When I started Marlowe Kana in 2015, I didn’t expect to quit my job and focus on it full time. In fact, there was a time not too long ago where I thought my days of writing full time were over forever. I was satisfied with this. I was glad to have a good job, happy to have rebuilt my life, and pleased to be able to spend nights and weekends creating and writing about a universe that’s been in my head for years.
I think that’s the difference: I never once tied a metric to Marlowe Kana that wasn’t 100% about the quality of the writing. I simply wanted to learn how to write fiction that wasn’t pallid, hollow, self-serving, or boring.
Now, I am not saying I am the best I’ll ever be, or even great comparative to any other writer in the Cyberpunk genre or any other.
What I will say is that there was a bar I set for myself when I began this project, and I failed to reach it across several iterations. The version of Marlowe Kana that became Volume 1 is the third iteration on the universe and at least seven full drafts after beginning the process of writing it. I learned so, so much writing the first book. And when I was done, I read what I wrote and compared it to my checklist for passing quality:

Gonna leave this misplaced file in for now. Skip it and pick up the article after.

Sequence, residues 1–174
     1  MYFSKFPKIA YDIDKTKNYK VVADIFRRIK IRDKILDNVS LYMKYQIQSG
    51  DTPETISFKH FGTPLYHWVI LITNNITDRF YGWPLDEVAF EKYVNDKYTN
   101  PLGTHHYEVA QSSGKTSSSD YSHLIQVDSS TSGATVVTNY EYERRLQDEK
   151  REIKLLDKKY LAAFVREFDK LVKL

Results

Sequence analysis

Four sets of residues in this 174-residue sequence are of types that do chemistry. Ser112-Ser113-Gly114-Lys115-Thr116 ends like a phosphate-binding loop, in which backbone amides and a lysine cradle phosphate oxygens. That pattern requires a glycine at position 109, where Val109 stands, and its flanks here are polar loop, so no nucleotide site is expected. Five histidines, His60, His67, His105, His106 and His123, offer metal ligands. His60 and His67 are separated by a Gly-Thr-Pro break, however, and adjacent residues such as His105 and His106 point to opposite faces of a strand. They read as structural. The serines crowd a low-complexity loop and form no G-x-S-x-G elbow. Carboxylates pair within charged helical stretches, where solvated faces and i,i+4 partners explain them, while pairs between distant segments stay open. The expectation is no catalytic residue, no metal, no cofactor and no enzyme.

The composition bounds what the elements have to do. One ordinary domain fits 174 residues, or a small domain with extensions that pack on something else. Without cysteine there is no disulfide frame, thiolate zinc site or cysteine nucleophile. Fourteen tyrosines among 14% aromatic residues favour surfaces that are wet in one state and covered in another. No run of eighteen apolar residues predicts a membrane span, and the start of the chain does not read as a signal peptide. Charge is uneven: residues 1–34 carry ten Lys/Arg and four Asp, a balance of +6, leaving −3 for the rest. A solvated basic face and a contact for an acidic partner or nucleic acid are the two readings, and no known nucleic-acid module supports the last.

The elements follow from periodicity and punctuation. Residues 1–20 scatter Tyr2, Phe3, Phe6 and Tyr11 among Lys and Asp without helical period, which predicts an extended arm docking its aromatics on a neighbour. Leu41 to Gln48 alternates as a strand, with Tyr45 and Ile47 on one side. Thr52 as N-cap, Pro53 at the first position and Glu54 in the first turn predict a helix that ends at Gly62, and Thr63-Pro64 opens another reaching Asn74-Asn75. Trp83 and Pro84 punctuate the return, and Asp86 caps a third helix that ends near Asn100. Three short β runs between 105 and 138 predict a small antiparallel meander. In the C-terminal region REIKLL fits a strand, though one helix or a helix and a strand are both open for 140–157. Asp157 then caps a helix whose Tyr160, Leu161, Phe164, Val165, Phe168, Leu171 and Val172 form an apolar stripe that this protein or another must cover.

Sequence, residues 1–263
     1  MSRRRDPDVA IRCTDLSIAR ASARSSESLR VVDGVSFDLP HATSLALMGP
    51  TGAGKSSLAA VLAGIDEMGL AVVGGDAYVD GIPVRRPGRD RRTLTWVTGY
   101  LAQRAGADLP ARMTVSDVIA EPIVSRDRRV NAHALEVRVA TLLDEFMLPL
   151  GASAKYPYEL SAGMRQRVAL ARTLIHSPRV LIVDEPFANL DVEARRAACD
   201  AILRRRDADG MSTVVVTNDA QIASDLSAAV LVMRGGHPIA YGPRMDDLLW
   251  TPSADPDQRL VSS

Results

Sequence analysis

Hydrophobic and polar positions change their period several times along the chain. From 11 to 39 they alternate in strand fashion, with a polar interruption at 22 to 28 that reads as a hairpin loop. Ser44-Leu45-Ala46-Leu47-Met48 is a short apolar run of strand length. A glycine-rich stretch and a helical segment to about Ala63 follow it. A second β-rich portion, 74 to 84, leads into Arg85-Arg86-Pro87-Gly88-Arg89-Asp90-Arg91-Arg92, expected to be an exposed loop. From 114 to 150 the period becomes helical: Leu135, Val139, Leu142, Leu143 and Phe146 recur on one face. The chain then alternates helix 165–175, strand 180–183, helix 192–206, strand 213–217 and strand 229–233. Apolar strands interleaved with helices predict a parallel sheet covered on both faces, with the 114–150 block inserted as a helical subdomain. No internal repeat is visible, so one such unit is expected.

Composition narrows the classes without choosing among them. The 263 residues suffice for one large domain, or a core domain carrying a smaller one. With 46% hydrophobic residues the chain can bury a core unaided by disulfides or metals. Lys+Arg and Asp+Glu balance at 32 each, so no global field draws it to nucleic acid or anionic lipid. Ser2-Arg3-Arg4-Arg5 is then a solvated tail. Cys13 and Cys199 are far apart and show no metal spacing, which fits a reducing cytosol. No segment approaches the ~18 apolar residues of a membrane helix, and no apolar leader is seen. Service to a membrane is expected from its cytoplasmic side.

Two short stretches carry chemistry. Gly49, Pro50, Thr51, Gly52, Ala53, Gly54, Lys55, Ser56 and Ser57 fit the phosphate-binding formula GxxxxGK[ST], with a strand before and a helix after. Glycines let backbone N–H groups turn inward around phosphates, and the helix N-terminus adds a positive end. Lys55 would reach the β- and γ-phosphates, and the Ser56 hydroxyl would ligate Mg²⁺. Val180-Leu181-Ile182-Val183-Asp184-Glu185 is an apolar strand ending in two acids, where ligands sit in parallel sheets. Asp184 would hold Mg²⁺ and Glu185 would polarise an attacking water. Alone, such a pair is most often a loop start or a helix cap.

- The universe makes sense.
- The characters each have their own motivation.
- No one is a vehicle for wish fulfillment.
- Everyone has their own voice, personality, morals, and objectives.
- The tech — arguably the most defining part of Cyberpunk — is not in the way, and has a clear path from something existing in today’s world.
- It discusses, through the plot, all of my concerns with today’s political, social, technological, and logistical concerns in a far more constructive way than blasting Twitter and Facebook ever did
- It’s FUN.
I am super, super proud that I reached those goals. And when I started on Volume 2, I created a new set of goals:
- More clarity.
- Divergent paths for characters and their motivations.
- Interruption of core motivations and surprises.
- Challenges to the genre and to the reader.
- No easy paths to victory.
- No expected endings.